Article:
Millie, the heroine, was a very nice character just as the author wrote her. She was poised, wise beyond her years, humble, modest, smart, sensible, reasonable, and loving. Now, I realize that I should just read the book as it is written and not wish for things that weren't there. But, I can't help it. I wanted Millie to throw things. Preferably at the head of the hero. As far as I could tell, she had no point of no return. The hero could not push her past the point of endurance. She was always capable of putting up a front that was calm, stoic, and accepting. She was a paragon that was mistreated. I wanted a little karmic payback in the form of her kicking him to the curb, figuratively. Or just kicking him. So, in the end, she just ended up being kind of a sad girl. She won in the end but she had to put up with so much.

The hero. Blech. Spoiler! The hero, due to deaths in the family, is forced to marry an heiress to repair the family fortunes and pay his inherited debts.
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47 of 57 people found the following review helpful By booker on July 10, 2012
Format: Kindle Edition
I've got a longer review elsewhere online with pictures and snark (**cough**Goodreads**cough**), but I thought I'd put the jist of my gripes here as well.

This was the first time I'd read Sherry Thomas, and she came recommended as an author who wrote prettily and didn't adhere to standard formula. Both of those are true (though I found the writing more cliched than I'd expected), but I still didn't like it overall.

The alternating timelines between chapters was highly annoying. I already know how Millie and Fitz are in the present, why do I want to see them just as miserable/masochistic/doormatty in the past? Plus, when I had to set the book down multiple times to do things, picking it back up was a pain because both past and present were limp and colorless with little to distinguish the eras (and spending time on relaying details of the hero's sisters' love lives in each time period was confusing and pointless). So reading it in one sitting is recommended (though I have NO experience with that and I envy folks who can).

This book is short. Very short. As short as a Harlequin Historical. And too much -- WAY TOO MUCH -- time is spent on the unrelated and shoehorned set-up of the next book's romance. To charge $8 for a book that is short to begin with and THEN stuff with sequel bait filler is highway robbery. Oh, and dishonest and lazy. Strip this book of the adds-nothing-to-the-plot scenes between Helena and Hastings, and you have something that barely rates as a paperweight.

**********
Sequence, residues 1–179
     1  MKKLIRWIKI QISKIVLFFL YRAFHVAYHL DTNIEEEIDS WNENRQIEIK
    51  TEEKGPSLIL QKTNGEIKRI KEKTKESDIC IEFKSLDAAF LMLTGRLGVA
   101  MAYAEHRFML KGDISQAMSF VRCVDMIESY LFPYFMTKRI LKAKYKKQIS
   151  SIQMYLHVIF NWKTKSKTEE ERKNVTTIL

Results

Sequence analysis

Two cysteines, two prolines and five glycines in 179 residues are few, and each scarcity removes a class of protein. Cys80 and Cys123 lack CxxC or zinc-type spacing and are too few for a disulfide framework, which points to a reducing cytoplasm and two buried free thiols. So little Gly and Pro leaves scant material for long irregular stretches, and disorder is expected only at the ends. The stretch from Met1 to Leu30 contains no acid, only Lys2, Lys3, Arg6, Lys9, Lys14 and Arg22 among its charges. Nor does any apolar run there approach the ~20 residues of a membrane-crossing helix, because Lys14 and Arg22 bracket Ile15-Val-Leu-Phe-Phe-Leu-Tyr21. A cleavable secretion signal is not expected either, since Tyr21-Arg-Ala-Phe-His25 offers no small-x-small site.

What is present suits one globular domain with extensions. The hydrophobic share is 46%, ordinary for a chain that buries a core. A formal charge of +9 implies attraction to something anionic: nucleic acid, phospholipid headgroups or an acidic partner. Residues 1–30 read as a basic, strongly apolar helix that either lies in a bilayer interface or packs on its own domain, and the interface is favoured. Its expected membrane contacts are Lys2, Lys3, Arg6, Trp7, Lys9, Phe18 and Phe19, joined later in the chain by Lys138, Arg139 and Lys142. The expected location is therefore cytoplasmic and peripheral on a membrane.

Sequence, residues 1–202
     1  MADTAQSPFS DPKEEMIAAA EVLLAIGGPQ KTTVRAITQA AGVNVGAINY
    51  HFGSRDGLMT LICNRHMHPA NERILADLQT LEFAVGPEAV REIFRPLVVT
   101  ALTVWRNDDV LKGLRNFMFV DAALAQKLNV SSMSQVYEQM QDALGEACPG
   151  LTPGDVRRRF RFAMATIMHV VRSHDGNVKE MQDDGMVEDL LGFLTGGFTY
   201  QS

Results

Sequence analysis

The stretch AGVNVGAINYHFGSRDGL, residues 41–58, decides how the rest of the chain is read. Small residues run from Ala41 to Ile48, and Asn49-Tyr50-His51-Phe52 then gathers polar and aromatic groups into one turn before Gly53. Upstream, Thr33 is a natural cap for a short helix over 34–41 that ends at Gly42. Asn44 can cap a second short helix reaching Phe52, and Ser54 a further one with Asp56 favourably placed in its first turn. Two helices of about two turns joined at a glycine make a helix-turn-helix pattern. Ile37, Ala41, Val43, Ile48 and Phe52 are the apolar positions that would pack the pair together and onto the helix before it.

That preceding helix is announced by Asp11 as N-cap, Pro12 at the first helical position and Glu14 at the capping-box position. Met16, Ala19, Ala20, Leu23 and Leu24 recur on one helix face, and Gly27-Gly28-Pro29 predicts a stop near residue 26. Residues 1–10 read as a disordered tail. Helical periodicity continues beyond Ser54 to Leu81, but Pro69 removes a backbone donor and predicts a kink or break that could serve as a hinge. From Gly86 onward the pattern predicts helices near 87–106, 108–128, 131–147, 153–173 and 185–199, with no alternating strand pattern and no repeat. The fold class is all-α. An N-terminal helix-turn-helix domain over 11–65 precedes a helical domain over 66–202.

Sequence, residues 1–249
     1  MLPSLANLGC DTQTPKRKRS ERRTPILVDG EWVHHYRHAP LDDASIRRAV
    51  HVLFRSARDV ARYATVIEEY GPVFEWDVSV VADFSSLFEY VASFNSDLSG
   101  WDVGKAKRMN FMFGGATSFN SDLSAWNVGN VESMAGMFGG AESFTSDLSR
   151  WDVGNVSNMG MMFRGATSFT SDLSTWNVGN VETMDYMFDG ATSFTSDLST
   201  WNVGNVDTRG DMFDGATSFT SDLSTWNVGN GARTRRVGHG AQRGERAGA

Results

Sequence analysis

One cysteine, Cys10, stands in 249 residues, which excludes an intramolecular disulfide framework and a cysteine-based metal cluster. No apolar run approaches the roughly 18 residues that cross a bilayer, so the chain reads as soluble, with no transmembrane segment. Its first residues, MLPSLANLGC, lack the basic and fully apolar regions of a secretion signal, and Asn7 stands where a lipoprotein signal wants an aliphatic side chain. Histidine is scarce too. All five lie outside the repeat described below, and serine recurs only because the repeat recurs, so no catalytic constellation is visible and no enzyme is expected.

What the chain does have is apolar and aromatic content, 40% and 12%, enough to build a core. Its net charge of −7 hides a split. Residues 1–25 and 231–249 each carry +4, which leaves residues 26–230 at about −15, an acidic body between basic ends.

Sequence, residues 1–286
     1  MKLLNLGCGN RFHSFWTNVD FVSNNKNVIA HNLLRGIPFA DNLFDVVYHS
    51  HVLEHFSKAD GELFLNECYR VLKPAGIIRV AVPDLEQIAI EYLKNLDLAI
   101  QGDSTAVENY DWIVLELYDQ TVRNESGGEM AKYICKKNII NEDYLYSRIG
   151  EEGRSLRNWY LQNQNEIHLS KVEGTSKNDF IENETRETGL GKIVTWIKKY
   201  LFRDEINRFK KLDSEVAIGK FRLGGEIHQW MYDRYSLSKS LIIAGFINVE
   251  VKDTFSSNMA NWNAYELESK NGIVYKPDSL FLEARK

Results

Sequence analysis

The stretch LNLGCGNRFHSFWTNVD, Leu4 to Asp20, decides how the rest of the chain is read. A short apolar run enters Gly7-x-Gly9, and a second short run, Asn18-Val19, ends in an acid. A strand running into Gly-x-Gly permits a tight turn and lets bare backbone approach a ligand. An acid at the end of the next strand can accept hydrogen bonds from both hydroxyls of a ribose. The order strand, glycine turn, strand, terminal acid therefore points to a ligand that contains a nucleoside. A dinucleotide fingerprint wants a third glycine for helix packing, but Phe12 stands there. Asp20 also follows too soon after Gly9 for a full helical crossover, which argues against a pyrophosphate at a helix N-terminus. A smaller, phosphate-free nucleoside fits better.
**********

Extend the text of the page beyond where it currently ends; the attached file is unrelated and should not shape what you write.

Millie is a heroine who had me yearning for a feisty TSTL heroine of old. At least they try to DO SOMETHING, even if it's stupid and doomed to failure. Millie suffers, endures, waits, and....gets her man.
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20 of 23 people found the following review helpful By OLT TOP 500 REVIEWERVINE VOICE on July 4, 2012
Format: Mass Market Paperback
Usually when I read a romance I'm observing the couple from afar, recognizing when it's a well- or badly-written HR and just enjoying it rather objectively. But with this one my stomach was often in knots in sympathy with the heroine, even though I knew the book would have the requisite HEA.

As a teenager I read Georgette Heyer's A Civil Contract, which is pretty much the same theme as this one and remember I did not like it because of the poor heroine's agonies, but a re-read as a mature (Read "old" here, I guess) woman left me with a much more favorable impression of the book.

In Heyer's book, Viscount Lynton, Adam Deveril, is madly in love with beautiful, vivacious Julia Oversley, but financial straits force him to marry Jenny Chawleigh, the quiet and plain daughter of a very wealthy "cit". Adam learns to appreciate Jenny's hidden depths and finally sees that his beautiful Julia is not as perfect as his younger self had remembered and learns to be content. (Jenny, of course, had fallen deeply in love with Adam, but she's "quiet", you know.)

Well, Sherry Thomas has gone Heyer one better, IMO. Here hero Earl Fitzhugh is in the same financial straits and must marry wealth, which appears in the form of our heroine Millicent (Millie) Graves, daughter of a very wealthy middle-class businessman. You meet the already-married couple in Fitz's sister Venetia's story (Beguiling the Beauty (Berkley Sensation), but now we get the whole back story in flashbacks alternating with the present.